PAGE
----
“In the mix, the main vocal track has the UAD Manley Voxbox, doing some fast compression at 0.5dB. Again, it’s one of these plug-ins that does something nice even if you don’t really engage the settings. There’s also a Massey De-esser on this track. I manually de-ess the vocals normally, but there were a couple of bits in the chorus where some frequencies were bothering me a bit. I added an eighth note delay from Soundtoys Echoboy in the choruses and some UAD Lexicon 224 reverb.”


Fitzmaurice: “All the audio tracks go to subgroup buses: beat, kick, bass, keys, guitars, strings, lead vocals, backing vocals, choir, and effects. Many of them have the Softube TubeTech CL1B, which is a default in my stem session subgroups, but often I don’t turn it on. I also didn’t use the Phoenix and Maag EQ4 on the lead vocal in this session, but if necessary the Phoenix can provide some richness and the Maag has that ‘air’ setting.

“The subgroups are then routed to input channel labelled ‘I/P’, which has the UAD Shadow Hills stereo compressor doing no more than 0.5dB. After that the Dangerous Music BAX mastering EQ, which adds 0.5dB at 130Hz and 1dB at 7.1kHz, with wide shelves. Finally there’s a UAD Manley Massive Passive EQ, with a hi-pass filter at 23Hz, just in case there’s any remaining garbage I may have failed to get rid of.”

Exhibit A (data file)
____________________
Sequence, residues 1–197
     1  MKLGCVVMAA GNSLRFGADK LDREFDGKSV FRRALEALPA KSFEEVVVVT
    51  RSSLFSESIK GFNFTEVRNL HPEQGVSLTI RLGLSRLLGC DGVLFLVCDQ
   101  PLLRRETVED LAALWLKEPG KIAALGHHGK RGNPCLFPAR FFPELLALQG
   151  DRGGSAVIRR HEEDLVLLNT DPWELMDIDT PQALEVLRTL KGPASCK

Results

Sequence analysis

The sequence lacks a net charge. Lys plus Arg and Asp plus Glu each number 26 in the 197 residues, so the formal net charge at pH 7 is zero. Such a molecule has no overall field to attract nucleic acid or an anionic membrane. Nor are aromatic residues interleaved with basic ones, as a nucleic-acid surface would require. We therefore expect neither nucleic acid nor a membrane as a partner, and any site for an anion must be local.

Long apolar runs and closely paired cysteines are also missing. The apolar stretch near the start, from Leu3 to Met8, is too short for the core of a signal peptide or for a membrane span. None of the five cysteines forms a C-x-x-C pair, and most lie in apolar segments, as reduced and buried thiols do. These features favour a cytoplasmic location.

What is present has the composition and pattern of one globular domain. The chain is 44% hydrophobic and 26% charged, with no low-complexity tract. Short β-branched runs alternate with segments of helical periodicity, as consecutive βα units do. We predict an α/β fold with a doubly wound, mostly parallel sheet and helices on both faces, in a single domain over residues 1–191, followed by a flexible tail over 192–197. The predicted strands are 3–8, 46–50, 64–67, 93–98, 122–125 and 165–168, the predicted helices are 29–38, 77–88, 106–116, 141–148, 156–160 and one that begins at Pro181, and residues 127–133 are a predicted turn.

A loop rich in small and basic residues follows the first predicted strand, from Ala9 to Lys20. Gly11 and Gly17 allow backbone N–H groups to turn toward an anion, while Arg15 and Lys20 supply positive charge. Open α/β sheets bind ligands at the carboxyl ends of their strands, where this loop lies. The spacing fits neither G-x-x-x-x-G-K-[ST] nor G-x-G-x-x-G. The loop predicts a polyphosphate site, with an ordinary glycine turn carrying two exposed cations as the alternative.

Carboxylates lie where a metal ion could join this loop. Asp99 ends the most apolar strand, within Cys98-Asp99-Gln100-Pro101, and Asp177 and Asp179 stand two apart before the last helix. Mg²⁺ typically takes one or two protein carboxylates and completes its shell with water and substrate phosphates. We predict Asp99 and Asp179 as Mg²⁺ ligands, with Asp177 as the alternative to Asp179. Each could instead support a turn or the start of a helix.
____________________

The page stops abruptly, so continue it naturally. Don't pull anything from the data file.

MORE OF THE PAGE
Stephen Fitzmaurice honed his producing chops out of London in the 1980s under studio legends Trevor Horn and Julian Mendelsohn. He’s since worked with the likes of the Pet Shop Boys, Tom Jones, Tina Turner, Cher, U2, Depeche Mode, Craig David, Sting, Kate Nash, Olly Murs, Aloe Blacc, and Kylie Minogue. Over the years he’s received four Grammy Awards, including for Record Of The Year for Sam Smith’s Stay With Me, and Best Pop Album, for In The Lonely Hour.


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Issue 60